Patchwork is a strange film, one that lives up to the title in more ways than one. Being more than slightly influenced by the great Frank Henenlotter, this is a horror comedy that just doesn’t really know how to get the ratio right when it comes to the different ingredients. Some of the comedy is amusing enough, but it’s never as funny as it could be, some of the gore gags are good, although surprisingly restrained, and the enjoyably wild premise is treated in a way that feels far too sensible for what should be an outrageous tale.
Directed and co-written by Tyler Macintyre (Chris Lee Hill is the other writer), Patchwork is all about a young woman who wakes up one morning to find out that she has been stitched together into one body that also includes two other women. This is shown with some decent practical make up and scenes that show the three female personalities presented as individual, whole females (played by Tory Stolper, Tracey Fairaway, and Maria Blasucci). The women want to find out what happened to them, and set off to retrace their tracks while viewers are shown various flashbacks that tease out the full story.
With decent performances from all three leads (particularly Stolper), and solid work from everyone else involved, and a fun structure that allows for some enjoyable reveals as things unfold, Patchwork is certainly a cut above many other low-budget films you could pick from the past few years. Everything is put together well enough, and it all feels cared for and polished.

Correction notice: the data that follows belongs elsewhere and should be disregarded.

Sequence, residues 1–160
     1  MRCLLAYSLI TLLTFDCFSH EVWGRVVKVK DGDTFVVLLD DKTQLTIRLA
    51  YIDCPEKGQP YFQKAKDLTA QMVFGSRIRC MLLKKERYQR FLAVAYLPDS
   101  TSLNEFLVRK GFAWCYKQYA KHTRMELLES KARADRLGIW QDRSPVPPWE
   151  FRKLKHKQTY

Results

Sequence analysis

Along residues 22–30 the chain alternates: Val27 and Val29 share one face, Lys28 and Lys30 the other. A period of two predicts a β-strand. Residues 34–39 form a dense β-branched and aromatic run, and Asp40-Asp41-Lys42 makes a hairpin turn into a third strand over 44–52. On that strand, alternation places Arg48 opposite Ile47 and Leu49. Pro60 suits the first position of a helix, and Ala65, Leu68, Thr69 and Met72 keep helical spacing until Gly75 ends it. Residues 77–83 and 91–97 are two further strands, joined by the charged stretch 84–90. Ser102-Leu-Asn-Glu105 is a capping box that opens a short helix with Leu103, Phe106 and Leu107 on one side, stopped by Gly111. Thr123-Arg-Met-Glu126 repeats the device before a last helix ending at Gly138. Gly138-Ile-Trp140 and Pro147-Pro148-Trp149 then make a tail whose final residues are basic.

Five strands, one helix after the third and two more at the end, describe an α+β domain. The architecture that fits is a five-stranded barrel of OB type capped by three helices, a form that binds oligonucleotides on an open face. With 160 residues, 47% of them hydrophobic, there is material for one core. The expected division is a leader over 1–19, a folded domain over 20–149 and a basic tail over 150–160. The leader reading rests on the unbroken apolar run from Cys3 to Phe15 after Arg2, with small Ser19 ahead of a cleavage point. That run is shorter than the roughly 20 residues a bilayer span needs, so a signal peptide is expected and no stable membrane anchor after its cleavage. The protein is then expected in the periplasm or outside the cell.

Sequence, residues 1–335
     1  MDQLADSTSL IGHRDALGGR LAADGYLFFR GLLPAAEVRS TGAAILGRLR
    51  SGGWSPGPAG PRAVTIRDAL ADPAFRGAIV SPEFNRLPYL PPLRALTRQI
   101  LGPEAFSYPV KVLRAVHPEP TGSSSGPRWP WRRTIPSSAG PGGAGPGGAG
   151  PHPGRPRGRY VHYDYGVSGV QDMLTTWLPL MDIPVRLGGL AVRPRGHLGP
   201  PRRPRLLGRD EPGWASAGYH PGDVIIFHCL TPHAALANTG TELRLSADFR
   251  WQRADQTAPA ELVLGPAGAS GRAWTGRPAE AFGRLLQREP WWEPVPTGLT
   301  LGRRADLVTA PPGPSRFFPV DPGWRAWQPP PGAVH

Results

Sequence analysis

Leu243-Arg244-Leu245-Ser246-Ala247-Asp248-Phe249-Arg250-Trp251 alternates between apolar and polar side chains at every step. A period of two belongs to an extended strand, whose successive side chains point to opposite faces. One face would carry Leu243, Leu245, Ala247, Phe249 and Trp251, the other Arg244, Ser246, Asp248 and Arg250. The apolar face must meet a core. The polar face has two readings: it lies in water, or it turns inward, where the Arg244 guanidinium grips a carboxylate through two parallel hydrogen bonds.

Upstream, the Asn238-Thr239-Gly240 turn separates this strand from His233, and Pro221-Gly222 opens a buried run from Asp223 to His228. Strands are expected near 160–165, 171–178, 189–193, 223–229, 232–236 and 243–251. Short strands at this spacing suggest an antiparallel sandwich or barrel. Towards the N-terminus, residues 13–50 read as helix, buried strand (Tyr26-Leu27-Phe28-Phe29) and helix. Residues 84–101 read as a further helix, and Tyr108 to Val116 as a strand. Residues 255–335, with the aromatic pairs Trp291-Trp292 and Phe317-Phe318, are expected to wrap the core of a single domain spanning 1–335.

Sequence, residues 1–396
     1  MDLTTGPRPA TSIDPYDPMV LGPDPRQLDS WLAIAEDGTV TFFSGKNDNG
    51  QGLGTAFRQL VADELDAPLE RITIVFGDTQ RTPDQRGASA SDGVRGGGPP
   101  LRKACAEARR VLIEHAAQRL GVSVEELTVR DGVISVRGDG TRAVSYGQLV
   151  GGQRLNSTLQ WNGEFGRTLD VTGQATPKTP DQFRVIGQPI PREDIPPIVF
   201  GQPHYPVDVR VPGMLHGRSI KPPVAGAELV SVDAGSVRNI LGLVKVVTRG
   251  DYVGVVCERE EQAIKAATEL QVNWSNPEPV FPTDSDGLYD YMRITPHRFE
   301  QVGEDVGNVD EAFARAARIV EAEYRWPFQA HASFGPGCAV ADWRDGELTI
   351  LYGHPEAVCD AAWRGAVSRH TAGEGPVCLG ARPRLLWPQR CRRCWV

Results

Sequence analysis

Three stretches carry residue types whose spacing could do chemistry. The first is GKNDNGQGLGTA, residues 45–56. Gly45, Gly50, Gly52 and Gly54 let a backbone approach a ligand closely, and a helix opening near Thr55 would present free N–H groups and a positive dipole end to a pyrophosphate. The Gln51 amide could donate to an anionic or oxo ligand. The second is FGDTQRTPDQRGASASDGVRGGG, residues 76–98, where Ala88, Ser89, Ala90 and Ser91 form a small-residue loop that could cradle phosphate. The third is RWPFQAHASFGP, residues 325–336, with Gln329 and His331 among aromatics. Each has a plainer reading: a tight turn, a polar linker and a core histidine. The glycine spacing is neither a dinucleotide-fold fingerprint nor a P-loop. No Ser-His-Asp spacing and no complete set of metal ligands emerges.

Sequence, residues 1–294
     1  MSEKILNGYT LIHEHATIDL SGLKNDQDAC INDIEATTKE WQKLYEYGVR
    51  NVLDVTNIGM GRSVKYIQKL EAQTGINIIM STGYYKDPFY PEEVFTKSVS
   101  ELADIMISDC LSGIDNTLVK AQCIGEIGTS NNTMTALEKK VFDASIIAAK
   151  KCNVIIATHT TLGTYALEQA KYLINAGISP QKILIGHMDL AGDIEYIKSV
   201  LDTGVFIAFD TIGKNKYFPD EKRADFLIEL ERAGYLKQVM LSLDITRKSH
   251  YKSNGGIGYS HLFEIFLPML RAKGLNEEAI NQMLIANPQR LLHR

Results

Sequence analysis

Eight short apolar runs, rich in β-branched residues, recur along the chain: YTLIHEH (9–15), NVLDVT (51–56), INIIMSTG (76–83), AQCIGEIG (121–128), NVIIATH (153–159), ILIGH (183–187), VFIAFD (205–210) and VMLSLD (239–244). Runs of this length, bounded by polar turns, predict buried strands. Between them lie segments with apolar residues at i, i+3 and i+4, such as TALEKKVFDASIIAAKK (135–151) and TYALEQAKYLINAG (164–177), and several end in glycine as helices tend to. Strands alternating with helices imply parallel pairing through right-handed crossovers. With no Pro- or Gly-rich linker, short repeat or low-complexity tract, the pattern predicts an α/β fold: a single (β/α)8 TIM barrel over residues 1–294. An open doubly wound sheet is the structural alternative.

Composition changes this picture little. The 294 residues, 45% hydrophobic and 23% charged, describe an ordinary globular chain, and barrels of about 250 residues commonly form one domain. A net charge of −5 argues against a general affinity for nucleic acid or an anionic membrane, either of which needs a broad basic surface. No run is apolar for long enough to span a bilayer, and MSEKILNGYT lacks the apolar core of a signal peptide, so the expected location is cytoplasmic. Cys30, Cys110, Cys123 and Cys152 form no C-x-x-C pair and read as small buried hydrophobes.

Unfortunately, that care and polish may be a contributing factor to it never working as well as it should. This is a film that, for me, should feel a bit grimy and rough around the edges. It should have scenes practically overwhelmed by bloodshed and wallow in the potential tastelessness of the premise. There's certainly one scene that comes close to doing that, and it's a funny one, but nothing else comes close, which is a shame.
Macintyre and Hill show great potential, developing the feature from their short of the previous year (which also featured Stolper), and they managed to take a small step up with their next feature (Tragedy Girls), but this is a case of unfulfilled potential, which isn't something I expected to say about a horror comedy featuring three women stitched together into the one body. Maybe they'll do better when they come up with Patchwork 2: Battle Of The Sexes, because surely the next step is to merge a man and a woman and let gory hilarity ensue.
Americans, buy things here. Both options get me coin.